Name: F271, also known as Babe
Age: Born 1994
A Dolphin’s Life
Babe was the first calf born to dolphin FB99 and she’s been observed more than 300 times since we first sighted her on July 14, 1994. We see her most often between Terra Ceia Bay and Cortez.
During a 2020 survey in the Manatee River, our research team located a large group of dolphins near The Bishop Museum of Science and Nature in downtown Bradenton.
The group included dolphin Babe, along with three of her four calves: C911 (b. 2007, sex unknown), C912 (b. 2011, sex unknown), F269 (b. 2015, female, also known as Ruth) and 2714 (b. 2018, sex unknown). Check them out the picture below.
Bottlenose dolphins don’t often travel in large family groups, so seeing this family gathering was a nice surprise for the team!
A Dolphin’s Voice
A Special Note About the Audio Recording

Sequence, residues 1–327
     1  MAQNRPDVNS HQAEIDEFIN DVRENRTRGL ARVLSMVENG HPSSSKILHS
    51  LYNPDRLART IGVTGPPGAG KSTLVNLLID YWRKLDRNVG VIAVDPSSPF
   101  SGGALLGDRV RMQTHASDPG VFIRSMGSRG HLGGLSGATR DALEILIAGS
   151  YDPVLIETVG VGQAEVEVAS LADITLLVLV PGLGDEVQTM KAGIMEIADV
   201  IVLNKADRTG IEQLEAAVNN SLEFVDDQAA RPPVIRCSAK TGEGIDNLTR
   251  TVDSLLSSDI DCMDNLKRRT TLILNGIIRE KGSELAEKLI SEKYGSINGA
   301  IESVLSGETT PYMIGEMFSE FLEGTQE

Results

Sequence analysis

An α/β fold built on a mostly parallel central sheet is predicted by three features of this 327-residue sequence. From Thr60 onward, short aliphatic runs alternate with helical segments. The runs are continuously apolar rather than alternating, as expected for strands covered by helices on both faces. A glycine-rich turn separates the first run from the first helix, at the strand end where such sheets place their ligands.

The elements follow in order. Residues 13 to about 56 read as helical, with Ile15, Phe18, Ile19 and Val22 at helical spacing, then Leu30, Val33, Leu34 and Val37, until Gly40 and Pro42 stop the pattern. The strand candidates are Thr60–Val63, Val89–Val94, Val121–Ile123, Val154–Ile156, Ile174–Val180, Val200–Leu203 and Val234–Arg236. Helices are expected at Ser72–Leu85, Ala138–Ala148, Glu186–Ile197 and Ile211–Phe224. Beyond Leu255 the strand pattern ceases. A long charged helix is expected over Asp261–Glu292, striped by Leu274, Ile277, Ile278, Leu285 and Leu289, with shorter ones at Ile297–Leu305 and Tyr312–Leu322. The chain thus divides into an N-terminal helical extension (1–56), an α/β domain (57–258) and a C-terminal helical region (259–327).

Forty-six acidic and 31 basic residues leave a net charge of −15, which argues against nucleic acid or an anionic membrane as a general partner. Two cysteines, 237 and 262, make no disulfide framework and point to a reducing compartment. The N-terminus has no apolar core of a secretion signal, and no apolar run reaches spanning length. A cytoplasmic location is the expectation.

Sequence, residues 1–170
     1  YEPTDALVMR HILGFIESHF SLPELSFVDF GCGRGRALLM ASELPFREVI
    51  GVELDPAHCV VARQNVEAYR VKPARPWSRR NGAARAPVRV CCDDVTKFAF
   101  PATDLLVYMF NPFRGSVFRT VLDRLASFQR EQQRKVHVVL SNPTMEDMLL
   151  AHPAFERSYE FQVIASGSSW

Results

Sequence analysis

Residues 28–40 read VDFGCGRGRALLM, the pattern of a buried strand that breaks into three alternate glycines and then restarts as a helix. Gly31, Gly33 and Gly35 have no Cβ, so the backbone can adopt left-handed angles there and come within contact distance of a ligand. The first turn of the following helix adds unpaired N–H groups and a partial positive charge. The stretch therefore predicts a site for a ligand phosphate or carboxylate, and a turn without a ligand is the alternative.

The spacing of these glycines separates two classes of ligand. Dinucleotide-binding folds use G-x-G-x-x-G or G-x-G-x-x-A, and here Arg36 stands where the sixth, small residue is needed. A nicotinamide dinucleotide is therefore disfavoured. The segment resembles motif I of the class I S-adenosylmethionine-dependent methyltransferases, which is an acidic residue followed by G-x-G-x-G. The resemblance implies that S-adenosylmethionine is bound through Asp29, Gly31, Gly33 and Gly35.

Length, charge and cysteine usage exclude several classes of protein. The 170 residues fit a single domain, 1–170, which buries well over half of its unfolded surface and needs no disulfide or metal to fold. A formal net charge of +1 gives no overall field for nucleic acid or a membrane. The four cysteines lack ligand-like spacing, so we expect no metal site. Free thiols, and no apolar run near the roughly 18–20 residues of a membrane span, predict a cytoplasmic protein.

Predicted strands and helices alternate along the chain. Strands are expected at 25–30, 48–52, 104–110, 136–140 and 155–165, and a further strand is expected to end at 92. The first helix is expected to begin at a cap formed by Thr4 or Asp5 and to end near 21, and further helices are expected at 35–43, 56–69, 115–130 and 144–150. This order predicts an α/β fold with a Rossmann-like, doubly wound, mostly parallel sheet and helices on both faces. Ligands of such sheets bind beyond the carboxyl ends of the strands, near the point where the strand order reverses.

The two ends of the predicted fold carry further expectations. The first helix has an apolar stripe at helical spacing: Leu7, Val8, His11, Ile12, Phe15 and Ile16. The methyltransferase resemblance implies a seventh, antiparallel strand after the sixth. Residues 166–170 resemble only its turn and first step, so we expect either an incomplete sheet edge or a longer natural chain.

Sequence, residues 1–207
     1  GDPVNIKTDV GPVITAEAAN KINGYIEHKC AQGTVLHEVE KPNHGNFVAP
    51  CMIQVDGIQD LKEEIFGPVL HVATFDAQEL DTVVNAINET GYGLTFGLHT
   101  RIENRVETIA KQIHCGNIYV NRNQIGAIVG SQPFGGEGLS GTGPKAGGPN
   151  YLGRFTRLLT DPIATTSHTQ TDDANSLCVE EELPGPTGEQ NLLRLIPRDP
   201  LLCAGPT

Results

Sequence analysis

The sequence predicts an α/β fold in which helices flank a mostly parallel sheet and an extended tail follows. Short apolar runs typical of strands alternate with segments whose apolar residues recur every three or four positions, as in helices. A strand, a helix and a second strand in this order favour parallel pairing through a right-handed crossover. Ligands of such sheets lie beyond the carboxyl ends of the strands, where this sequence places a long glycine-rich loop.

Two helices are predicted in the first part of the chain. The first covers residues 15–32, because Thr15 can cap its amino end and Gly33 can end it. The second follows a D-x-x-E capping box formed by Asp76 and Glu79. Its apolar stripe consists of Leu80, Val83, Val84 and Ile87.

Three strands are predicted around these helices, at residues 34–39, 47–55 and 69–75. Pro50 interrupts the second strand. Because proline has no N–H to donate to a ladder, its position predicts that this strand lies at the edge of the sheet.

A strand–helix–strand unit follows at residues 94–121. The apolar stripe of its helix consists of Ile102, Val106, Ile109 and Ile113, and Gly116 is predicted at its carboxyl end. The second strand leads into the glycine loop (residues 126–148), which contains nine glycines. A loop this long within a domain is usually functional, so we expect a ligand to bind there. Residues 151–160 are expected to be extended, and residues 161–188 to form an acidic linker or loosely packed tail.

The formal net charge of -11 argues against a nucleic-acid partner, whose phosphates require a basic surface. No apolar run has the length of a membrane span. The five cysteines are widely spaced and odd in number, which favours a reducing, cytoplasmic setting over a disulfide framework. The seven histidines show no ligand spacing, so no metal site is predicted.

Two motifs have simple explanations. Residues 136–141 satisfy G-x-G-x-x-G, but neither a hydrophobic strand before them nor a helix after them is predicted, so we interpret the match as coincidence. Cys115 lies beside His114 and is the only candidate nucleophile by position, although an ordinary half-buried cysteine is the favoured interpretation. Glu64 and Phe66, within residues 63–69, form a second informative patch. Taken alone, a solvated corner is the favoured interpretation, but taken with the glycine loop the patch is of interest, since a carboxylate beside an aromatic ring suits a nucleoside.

In collaboration with numerous colleagues over the past 35 years, our dolphin communication research team has collected thousands of hours of acoustic recordings from members of the resident Sarasota bottlenose dolphin community, with a focus on individually distinctive signature whistles. Recordings have been made during periodic health assessments, when we are able to obtain high-quality recordings of known individual dolphins. We are currently in the process of systematically assembling a verified signature whistle catalog, with multiple samples from each of the approximately 1,000 unique recording sessions of almost 300 individual dolphins. Members of this collaborative team, and our student researchers, come from Woods Hole Oceanographic Institution, the University of North Carolina Wilmington, University of St. Andrews, and Hampshire College. Learn more about dolphin communication.